Gov. DeSantis on Hurricane Sally threatening Florida: Number one priority is to protect life
Florida Gov. Ron DeSantis said Thursday he doesn't see how Democratic presidential candidate Joe Biden can win the Sunshine State with President Trump doing better than he did in 2016.
"I don't see how Biden is able to win and I think the issue contrasts are very strong," the Republican governor told "Fox & Friends."
"Biden is somebody that says he would shut down the country when he's president. That is a disaster. We cannot do that. That will not play well here in Florida," DeSantis explained.
He added Biden's foreign policy record has been "repeated failures" compared with Trump's successes, especially on China, but there is room for improvement.
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"We have an opportunity to really improve the performance in Miami-Dade County," DeSantis said. "The president's record has been strong down there. That was not a good county in 2016 at all. It was a really historic blowout. He was still able to win, even with all of that, so we're able to go and close that gap there and then with all of the strength throughout the rest of the state."
The governor slammed reports there was friction between the White House and the campaign in Florida as "typical false nonsense," saying he's raised more money for Trump than any other governor.
When co-host Brian Kilmeade pressed DeSantis on the problems, DeSantis replied, "I think he's had problems with the campaign, some of the folks in Florida, but that obviously are things that I'm not included in on."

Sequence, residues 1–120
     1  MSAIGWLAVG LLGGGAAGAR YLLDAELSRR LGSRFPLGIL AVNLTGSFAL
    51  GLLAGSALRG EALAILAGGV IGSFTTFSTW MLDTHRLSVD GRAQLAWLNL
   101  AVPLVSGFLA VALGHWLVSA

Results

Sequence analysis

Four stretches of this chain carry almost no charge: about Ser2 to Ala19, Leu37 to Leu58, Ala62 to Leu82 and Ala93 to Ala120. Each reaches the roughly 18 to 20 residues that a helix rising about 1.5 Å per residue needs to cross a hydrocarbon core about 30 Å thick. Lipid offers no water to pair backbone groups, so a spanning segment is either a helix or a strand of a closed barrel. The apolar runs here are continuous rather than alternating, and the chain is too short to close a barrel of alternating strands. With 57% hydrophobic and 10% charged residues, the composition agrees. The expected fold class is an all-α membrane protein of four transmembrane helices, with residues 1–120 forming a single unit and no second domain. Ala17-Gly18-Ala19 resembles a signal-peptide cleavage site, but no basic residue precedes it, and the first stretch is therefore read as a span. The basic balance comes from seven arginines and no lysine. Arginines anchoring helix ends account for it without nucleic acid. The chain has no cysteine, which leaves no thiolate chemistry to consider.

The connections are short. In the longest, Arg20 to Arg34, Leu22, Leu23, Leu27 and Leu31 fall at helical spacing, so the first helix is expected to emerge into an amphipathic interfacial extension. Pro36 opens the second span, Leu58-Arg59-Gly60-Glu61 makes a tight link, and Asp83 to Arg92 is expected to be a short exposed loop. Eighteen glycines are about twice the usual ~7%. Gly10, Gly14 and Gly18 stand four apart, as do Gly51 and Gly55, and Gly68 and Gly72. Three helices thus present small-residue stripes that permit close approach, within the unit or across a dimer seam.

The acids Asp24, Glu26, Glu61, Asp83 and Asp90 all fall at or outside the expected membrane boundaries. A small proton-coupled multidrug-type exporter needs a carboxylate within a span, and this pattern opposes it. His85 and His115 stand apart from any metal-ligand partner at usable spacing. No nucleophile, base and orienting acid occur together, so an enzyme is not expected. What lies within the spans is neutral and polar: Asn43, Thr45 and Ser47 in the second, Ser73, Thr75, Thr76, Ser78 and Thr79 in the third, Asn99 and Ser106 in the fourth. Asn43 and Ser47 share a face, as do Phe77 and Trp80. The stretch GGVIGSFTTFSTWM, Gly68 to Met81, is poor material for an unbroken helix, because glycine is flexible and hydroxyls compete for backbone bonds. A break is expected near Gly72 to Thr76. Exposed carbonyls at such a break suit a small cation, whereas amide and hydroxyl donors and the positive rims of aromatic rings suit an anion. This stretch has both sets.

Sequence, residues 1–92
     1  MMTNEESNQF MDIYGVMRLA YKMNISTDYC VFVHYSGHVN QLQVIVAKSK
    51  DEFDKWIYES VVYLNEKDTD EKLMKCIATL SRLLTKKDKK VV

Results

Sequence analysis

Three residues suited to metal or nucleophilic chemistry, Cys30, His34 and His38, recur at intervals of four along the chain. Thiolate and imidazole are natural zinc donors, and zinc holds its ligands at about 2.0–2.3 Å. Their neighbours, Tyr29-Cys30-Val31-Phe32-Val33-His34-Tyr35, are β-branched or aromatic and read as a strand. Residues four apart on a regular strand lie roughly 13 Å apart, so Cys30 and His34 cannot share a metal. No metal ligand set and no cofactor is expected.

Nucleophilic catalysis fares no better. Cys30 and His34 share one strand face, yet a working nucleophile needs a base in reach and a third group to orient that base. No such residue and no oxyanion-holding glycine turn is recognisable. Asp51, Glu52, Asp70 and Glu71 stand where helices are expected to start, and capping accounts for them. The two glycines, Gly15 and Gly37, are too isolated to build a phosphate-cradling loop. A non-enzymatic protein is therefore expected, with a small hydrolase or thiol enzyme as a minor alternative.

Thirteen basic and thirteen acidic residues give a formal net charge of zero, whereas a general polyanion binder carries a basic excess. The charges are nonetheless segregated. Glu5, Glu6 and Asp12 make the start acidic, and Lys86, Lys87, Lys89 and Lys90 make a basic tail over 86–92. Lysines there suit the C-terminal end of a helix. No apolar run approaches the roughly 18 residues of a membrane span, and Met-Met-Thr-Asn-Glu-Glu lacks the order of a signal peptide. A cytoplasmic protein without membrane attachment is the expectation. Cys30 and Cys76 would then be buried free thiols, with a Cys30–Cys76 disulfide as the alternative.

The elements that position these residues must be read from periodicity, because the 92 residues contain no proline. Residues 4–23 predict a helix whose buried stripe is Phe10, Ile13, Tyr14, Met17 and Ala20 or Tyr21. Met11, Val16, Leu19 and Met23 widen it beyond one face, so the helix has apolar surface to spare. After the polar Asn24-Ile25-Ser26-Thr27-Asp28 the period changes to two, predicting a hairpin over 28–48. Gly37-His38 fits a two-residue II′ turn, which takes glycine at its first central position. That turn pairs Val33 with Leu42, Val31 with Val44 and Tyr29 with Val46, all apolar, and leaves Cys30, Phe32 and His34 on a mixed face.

With reports that Florida is adding up to 1,000 people per day, DeSantis said the electorate is "always in flux."
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"You have people that are happy to get out of some of the high tax, high unemployment states, and they want to come down to Florida and do better," he said.
"I think those are probably going to be voters who are going to tend toward the president," he added, "but it is something where we have so many new voters added to the pot every election cycle, that it's a little bit more challenging in Florida than it would be in some other states that don't see the type of growth, and incidentally, the pandemic has not slowed that down at all."
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